DECC back-tracks over bogus Green Deal advert claims

by Search Gate staff. Published Wed 24 Jul 2013 17:13, Last updated: 2013-07-24
DECC promises to remove misleading Green Deal ad

The beleaguered Green Deal scheme is embroiled in fresh controversy after the Department of Energy and Climate Change agreed to an embarrassing climbdown after it was accused of making false advertising claims.

The Coalition Government's flagship scheme to green the nation's properties has lurched from crisis to crisis amid allegations of incompetence and ripping off consumers.

Last month, the first official statistics of take-up of the Government's flagship Green Deal scheme revealed a disastrous launch with not one single household yet benefiting from the energy efficiency programme.

After six months of operation and 38,259 Green Deal assessments, figures released by the DECC revealed just FOUR customers have signed up and were waiting for installation.

And now blundering officials at DECC have been forced to backtrack on a series of bogus marketing claims after they were warned they could face sanctions from the ad watchdog, the Advertising Standards Authority (ASA).

In a letter dated July 19 to complainant John Oddi of South East-based Crystal Windows and Doors, an ASA investigations executive confirmed that DECC has made assurances that future advertising of the Green Deal scheme will be amended and will now include hidden charges, such as arrangement, assessment and exit fees.

DECC have also agreed to state that the cashback figure from the Green Deal programme cannot be more than 50% of what a customer has contributed to the cost of installation.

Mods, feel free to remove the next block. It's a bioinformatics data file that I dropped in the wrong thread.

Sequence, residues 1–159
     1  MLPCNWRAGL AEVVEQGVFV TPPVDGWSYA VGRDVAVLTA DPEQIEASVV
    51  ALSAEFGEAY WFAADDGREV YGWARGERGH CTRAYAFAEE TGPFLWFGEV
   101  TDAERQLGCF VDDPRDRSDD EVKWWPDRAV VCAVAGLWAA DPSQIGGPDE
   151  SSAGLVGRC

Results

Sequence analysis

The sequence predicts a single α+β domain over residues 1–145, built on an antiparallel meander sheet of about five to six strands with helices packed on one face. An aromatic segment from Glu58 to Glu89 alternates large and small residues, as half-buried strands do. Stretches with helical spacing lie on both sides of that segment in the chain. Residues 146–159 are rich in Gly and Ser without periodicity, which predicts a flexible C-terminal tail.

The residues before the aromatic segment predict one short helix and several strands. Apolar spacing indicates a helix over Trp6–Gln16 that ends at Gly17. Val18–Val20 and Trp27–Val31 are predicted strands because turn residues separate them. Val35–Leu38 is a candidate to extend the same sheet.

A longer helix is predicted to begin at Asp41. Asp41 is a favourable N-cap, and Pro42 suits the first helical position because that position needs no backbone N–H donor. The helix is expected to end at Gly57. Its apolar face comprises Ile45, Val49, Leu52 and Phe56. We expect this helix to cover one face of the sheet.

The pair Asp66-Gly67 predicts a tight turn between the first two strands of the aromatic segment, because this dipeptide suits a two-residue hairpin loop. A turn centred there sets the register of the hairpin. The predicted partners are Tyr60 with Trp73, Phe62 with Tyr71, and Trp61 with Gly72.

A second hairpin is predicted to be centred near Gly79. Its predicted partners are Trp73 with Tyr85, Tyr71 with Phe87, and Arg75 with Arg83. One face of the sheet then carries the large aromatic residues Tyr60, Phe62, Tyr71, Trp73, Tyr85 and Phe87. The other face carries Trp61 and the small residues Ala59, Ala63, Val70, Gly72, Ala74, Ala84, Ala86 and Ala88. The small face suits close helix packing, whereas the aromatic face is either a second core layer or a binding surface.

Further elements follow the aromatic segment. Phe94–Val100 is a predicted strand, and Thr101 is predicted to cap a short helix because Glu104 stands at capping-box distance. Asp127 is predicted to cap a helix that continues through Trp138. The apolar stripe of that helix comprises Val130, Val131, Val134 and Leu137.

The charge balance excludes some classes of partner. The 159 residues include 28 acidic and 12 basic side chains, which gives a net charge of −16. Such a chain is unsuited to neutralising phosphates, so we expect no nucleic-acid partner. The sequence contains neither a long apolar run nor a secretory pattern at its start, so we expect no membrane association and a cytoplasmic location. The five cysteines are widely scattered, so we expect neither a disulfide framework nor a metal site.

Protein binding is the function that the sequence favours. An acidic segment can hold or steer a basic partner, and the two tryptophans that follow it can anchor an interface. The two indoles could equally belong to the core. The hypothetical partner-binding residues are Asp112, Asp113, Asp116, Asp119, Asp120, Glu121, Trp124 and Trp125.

Following its inquiry, the ASA says it is satisfied the revised marketing claims will alert consumers to the fact that they will have had to install the energy saving measures themselves.

In its letter, the ASA investigator added: “They [DECC] have also agreed to ensure that cashback reflects the basis of what features the calculation is based on. DECC have also agreed to state that energy savings may vary, this is due to consumers' future energy use and energy costs.”

The inquiry was triggered following a complaint in March when a DECC paid-for Green Deal advert appeared in The Sun newspaper.

The ad stated: "It lets you pay for some or all of the improvements over time through your electricity bill. Repayments will be no more than what a typical household should save in energy costs.”

The complainant successfully argued that the word "repayments" is substituted for the word "costs" so as to deliberately mislead consumers.

Evidence was supplied to the ASA, which claimed that consumers could conclude that they will pay no more than a typical household will save. It was argued that this is not the case as DECC had omitted the fees and exit penalties that are applicable to Green Deal finance loans.

The complaint letter added: “Consumers struggling to heat their homes will require the true costs associated with Green Deal funded improvements not the month or quarterly repayments presented in isolation with spin by HM Government.

“The advert and others like it clearly play on using the word 'repayments' as against the word 'costs', this as highlighting the repayments allows DECC to conceal the true cost, consumers obviously are very much concerned about the overall true cost, the true cost including all payments, repayments, fees, interest rate and penalties.”

The ASA investigator concluded that a further complaint that the Green Deal actually devalues house prices could not be examined as the Green Deal is still in its infancy and there are no figures yet available to support or contradict this point.

A spokesman for DECC tonight confirmed: "ASA suggested that we could improve the clarity of one of our Green Deal adverts and we were happy to take their suggestions on board."




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Comments about DECC back-tracks over bogus Green Deal advert claims

Well done John
Andy, Aberdeen around 5 months ago


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